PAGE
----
Föhrenbergkreis Finanzwirtschaft

Unkonventionelle Lösungen für eine zukunftsfähige Gesellschaft

As the Deutsche Bank Turns

Posted by hkarner - 9. Juli 2019

Date: 09-07-2019
Source: The Wall Street Journal By The Editorial Board

Politicians share the blame for this financial soap opera.

Maybe this time will finally be the charm for Deutsche Bank , which over the weekend announced the latest in an uncountable series of turnaround plans. Executives hope cutting 18,000 jobs, hiving off €288 billion in assets into a bad bank for winding down, and withdrawal from international investment banking will save the German lender.

We’ll leave investors to sort all this. But there’s a policy tale here about trying to graft a would-be global investment bank onto a continental European economy—and about the ways regulators make matters worse.

This is partly a story of questionable business judgments over two decades. Starting in the mid-1990s, Deutsche set about converting itself into an investment bank to rival Wall Street. Its traditional focus was commercial banking for German industry, and Germany lacked a vibrant domestic financial market. So the bank expanded through acquisitions in the U.K. and U.S. that it struggled to absorb, including Wall Street giant Bankers Trust.
The German government has also meddled in Deutsche to ill effect. Chancellor Gerhard Schröder in 2004 tried to prod Deutsche to buy Postbank, Germany’s postal lender, in an effort to create a global German champion. Deutsche finally bought Postbank in 2010—by then Mr. Schröder was long gone—but has struggled to integrate its purchase or sell what has become one more drain on profits.

Berlin has never let its big bank consolidation dream die. Earlier this year it wasted weeks of managers’ energy trying to orchestrate a merger between Deutsche and rival Commerzbank . But forget any synergies from such a tie-up, since politicians and unions resist paring Deutsche’s bloated domestic workforce.

Berlin also refuses to consolidate the nearly 1,300 smaller savings cooperatives or banks owned by local and state governments. This extreme fragmentation, with most competitors free of worries about profitability and obliged to funnel credit to favored borrowers, explains why Deutsche struggles to make money in Germany—though its home market is Europe’s largest economy.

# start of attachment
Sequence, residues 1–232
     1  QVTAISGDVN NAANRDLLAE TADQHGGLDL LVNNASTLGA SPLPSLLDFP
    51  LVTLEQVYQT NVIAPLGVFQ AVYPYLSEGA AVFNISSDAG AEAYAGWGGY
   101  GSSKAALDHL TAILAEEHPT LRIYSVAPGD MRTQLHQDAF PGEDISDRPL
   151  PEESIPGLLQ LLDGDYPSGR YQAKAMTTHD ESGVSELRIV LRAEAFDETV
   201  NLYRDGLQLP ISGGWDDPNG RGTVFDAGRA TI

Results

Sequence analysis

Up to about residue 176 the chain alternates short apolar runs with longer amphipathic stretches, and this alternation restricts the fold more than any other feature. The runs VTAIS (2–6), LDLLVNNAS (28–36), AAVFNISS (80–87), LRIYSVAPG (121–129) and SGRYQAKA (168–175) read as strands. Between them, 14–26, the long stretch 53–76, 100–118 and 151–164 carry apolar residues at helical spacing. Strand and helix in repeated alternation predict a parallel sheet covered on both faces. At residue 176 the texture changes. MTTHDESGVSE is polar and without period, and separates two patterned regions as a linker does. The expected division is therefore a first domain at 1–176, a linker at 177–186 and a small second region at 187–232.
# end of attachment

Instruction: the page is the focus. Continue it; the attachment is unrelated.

A dishonorable mention also goes to the European Central Bank. Deutsche has even struggled to make money the old-fashioned way—taking deposits and making traditional loans—due to the ECB’s negative deposit rate and quantitative easing. Those policies were intended to encourage banks and other investors to take more risks to help the economy grow. Instead they have hobbled Deutsche’s profitability precisely when retained earnings could help a restructuring.

These regulatory and monetary headwinds would work against any overhaul, never mind a plan premised on optimistic assumptions about a slimmed-down Deutsche’s business prospects. Investors will be betting not only on whether Deutsche’s managers know how to repair the bank after so many years of failure. They’re also betting on whether Berlin will ever let Deutsche succeed.

Kommentar verfassen

Bitte logge dich mit einer dieser Methoden ein, um deinen Kommentar zu veröffentlichen:


Du kommentierst mit Deinem WordPress.com-Konto. Abmelden /  Ändern )

Google Foto

Du kommentierst mit Deinem Google-Konto. Abmelden /  Ändern )


Du kommentierst mit Deinem Twitter-Konto. Abmelden /  Ändern )


Du kommentierst mit Deinem Facebook-Konto. Abmelden /  Ändern )

Verbinde mit %s

This site uses Akismet to reduce spam. Learn how your comment data is processed.

%d Bloggern gefällt das: